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What does irony add to Edgar Allan Poe's "The Cask of Amontillado"?  

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lauren43 | Valedictorian

Posted October 3, 2012 at 11:55 AM via web

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What does irony add to Edgar Allan Poe's "The Cask of Amontillado"?

 

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docholl1 | College Teacher | (Level 2) Senior Educator

Posted October 3, 2012 at 3:54 PM (Answer #1)

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Irony comes in several varieties--verbal, structural/situational, dramatic--and generally heightens the our engagement with the text because we generally enjoy knowing more about a particular character's situation than the character does.

In "The Cask of Amontillado" Poe uses all three types.  For example, the use of dramatic irony not only allows us to know more about what is going on than a character (in this case, Fortunato), we also clearly understand that Fortunato is never going to enjoy the Amontillado because he is being lured to his death--a fate of which he is blissfully unaware.  Part of the our enjoyment of this irony is that Fortunato is a prideful, pompous man who thinks he has total control over his condition, and we know that this pride is actually leading him to his death.

Poe employs verbal irony very cleverly when he and Fortunato exchange comments about Fortunato's cold:

'Enough,' he [Fortunato] said; 'the cough is a mere nothing; it will not kill me.  I shall not die of a cough.'

'True--true,' I [Montresor] replied.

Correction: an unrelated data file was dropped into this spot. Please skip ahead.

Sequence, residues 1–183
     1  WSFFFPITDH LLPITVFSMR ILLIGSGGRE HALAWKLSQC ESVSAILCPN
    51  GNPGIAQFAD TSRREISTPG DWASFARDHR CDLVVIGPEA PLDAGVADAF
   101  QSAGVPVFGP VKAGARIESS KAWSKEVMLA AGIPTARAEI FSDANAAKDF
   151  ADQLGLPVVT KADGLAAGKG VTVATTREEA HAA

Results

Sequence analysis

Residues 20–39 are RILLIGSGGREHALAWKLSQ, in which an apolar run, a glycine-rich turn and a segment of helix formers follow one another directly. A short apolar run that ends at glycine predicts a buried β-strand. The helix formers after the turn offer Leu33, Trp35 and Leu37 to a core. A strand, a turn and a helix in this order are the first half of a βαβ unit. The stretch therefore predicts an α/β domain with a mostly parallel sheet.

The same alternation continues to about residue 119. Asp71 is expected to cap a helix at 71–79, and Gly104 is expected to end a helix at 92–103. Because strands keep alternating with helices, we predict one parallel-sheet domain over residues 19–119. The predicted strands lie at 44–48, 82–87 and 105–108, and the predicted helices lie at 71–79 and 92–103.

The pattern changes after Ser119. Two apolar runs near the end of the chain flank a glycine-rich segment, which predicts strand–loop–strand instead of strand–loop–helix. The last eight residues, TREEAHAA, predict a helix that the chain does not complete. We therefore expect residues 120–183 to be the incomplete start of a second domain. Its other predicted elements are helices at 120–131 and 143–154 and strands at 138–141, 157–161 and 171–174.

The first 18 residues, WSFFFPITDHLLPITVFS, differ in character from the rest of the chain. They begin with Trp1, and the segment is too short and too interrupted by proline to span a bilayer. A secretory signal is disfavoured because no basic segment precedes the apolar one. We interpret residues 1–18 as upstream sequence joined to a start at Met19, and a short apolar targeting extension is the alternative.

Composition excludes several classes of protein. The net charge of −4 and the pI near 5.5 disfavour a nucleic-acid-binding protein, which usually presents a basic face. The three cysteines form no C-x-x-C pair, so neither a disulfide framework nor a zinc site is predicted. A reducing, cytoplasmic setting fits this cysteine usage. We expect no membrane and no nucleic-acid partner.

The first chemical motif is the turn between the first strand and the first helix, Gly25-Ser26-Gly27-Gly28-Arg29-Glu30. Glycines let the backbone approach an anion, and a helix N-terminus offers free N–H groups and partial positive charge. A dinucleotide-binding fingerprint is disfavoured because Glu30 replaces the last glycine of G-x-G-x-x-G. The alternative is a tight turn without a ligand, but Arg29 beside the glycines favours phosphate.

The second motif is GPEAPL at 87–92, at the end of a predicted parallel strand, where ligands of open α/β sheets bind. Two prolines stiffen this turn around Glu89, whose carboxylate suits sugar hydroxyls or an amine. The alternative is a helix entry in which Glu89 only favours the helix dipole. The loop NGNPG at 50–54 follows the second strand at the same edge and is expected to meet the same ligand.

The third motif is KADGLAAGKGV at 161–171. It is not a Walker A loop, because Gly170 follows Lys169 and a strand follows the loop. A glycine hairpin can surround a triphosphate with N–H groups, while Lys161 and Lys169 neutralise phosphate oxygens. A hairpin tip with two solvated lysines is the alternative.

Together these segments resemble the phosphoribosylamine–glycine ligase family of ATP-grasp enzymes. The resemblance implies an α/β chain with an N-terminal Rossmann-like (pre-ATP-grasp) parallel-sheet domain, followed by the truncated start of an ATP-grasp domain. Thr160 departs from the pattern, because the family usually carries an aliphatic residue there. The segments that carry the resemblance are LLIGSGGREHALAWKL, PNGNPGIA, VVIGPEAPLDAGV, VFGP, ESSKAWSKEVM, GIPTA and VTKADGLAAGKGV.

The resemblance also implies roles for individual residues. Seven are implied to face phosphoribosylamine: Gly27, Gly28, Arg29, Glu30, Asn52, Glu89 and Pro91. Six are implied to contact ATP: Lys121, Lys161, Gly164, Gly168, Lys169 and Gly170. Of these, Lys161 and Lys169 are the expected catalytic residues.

The humor (fairly dark humor) is, of course, that we and Montresor know that Fortunato is not going to die of a cough, and so Fortunato is completely correct, but he is only correct because his death will come from a very different situation, one that he cannot possibly suspect at this point in the story.

Another example of both situational and verbal irony occurs as the two men descend into the catacombs, and they reach a point at which they discuss Montresor's coat of arms and the Montresor family motto Nemo me impune lacessit, which is Latin for "No one harms me with impunity."  Based on Montresor's comment at the the beginning of the story that Fortunato has insulted Montresor to such an extent that Montresor decides to kill him, we have to be both amused and slightly horrified that Montresor's family motto is actually being acted out and, again, Fortunato is completely unaware of his situation and the threat to implied by Montresor's family motto.  

Poe's use of irony in "The Cask of Amontillado" provides us with a great deal of foreknowledge of the story's conclusion, and the irony instills the narrative with very dark humor, which helps to lighten what would otherwise be a very grim story.

 

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